The Constitutional Court has ruled in favour of the Helen Suzman Foundation to have the Judicial Service Commission’s (JSC) deliberations on appointing judges made public.

In a majority judgment delivered on Tuesday, the court ruled that a blanket ban of disclosure was unjustifiable in a democratic society.

This means the foundation will now have access to the JSC’s record of deliberations in the 2012 appointment of Western Cape judges.

“Now looking at the composition of the JSC, it seems that the [commission’s] concerns regarding the impact of disclosure of deliberations are overstated.

“I would find it odd that JSC members would be such ‘timorous faint hearts’ that they would clam up at the prospect that views they express during deliberations could be divulged.”

HSF had launched a legal battle in 2013 after the commission took a decision in October 2012 to advise the President to appoint certain candidates as judges of the high court and not others.

The JSC held private deliberations after the candidates had been interviewed.

News24 had previously reported that the decision-making process had initially overlooked Jeremy Gauntlett, SC, for a job on the bench.

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The foundation said that although the case in the Western Cape High Court was not about individual candidates, but about the process of decision-making and recommendations to the president, Gauntlett was central to its application.

The foundation’s director, Francis Antonie, submitted in papers that after interviewing eight candidates in October 2012, the JSC advised the president to appoint justices Judith Innes Cloete, Babalwa Mantane, Mokgoatji Dolamo, Owen Rogers and Ashton Schippers as judges of the high court in Cape Town, in terms of section 174(6) of the Constitution.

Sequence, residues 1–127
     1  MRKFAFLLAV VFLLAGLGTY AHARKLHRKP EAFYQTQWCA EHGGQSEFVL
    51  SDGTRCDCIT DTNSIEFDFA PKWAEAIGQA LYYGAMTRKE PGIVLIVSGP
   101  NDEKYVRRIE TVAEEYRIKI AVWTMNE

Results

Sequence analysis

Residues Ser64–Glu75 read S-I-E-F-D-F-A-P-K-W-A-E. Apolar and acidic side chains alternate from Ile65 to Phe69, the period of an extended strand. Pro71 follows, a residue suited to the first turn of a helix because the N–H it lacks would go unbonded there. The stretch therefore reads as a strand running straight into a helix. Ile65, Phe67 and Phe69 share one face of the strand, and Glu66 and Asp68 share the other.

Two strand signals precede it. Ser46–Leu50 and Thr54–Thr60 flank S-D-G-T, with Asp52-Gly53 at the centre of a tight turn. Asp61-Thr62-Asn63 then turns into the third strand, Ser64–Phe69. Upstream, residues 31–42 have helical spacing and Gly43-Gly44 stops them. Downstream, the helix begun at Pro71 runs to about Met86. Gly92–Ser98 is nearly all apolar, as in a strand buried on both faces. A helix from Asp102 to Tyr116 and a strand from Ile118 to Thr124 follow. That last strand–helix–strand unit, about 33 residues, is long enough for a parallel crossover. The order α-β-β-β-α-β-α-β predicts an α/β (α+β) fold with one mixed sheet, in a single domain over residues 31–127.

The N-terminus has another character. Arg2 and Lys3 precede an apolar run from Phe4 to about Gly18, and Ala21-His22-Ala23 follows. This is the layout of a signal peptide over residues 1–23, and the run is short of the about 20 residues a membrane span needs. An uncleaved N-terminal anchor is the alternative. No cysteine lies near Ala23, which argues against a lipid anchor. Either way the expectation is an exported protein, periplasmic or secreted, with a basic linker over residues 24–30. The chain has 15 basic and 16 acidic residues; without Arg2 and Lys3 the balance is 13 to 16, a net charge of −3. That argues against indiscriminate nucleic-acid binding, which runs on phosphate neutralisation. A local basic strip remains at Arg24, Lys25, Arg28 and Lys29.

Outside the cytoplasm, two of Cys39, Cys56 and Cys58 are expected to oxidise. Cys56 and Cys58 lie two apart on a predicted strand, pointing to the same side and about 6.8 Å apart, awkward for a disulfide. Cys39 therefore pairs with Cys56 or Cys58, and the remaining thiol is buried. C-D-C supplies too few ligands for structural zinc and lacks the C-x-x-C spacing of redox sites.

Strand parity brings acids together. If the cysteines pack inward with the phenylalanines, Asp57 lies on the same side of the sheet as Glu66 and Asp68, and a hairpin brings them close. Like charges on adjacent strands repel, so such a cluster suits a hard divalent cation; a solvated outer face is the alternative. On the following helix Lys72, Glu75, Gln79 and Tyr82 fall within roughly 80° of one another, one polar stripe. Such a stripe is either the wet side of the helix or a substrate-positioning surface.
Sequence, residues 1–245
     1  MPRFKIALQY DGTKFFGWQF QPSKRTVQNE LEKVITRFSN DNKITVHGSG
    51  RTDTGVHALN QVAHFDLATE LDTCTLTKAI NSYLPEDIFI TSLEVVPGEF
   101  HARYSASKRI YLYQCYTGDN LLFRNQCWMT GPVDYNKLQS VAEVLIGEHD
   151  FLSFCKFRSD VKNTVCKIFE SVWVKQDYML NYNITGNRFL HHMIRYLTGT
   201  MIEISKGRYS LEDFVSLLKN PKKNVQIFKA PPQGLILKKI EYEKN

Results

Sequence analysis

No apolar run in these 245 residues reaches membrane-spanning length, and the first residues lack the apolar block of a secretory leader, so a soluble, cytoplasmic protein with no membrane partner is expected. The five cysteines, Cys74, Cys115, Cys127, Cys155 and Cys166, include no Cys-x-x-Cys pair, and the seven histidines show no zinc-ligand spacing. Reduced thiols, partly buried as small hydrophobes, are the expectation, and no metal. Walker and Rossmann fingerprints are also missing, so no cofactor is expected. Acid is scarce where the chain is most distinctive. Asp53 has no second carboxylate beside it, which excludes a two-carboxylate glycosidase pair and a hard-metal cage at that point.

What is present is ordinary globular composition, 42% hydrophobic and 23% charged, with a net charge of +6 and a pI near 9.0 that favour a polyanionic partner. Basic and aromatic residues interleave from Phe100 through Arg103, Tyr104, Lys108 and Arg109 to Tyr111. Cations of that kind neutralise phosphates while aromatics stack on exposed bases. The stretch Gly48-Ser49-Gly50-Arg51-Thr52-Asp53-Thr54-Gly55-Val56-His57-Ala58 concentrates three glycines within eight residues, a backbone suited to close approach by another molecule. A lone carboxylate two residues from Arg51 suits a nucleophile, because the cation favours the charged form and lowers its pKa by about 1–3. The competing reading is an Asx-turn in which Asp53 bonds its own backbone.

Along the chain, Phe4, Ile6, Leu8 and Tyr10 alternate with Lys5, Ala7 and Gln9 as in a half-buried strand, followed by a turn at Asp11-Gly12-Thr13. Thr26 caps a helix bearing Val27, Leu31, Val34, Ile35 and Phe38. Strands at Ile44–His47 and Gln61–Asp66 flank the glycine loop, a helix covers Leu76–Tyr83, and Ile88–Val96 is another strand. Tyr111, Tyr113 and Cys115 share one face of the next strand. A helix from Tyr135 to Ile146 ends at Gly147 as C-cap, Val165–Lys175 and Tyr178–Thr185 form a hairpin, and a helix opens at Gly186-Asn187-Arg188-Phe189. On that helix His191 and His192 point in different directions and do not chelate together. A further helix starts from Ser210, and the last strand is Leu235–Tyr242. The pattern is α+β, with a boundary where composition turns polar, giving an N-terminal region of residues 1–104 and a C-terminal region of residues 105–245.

It made a decision not to advise the president to appoint Nonkosi Saba, Gauntlett and Stephen Koen.

The foundation sought the record of proceedings, however the JSC refused to provide the recording of its deliberations.

The foundation approached the high court seeking to have that decision reviewed and set aside, arguing that the decision was unlawful and irrational.

The commission filed a record of its proceedings but it did not include the actual deliberations.

“In a constitutional democracy an independent judiciary must be staffed by judges of the highest intellectual ability and moral character, who not only understand but also live the spirit of the Constitution,” the HSF said at the time of the initial court proceedings.

Antonie said the aim of the organisation’s application was to enhance democracy and make the process of appointing judges more transparent.

“The HSF supports the constitutional imperatives of judicial transformation. However, there is a growing perception that talented candidates for judicial appointment and advancement are being overlooked for reasons that are not clear, or explicit. — News 24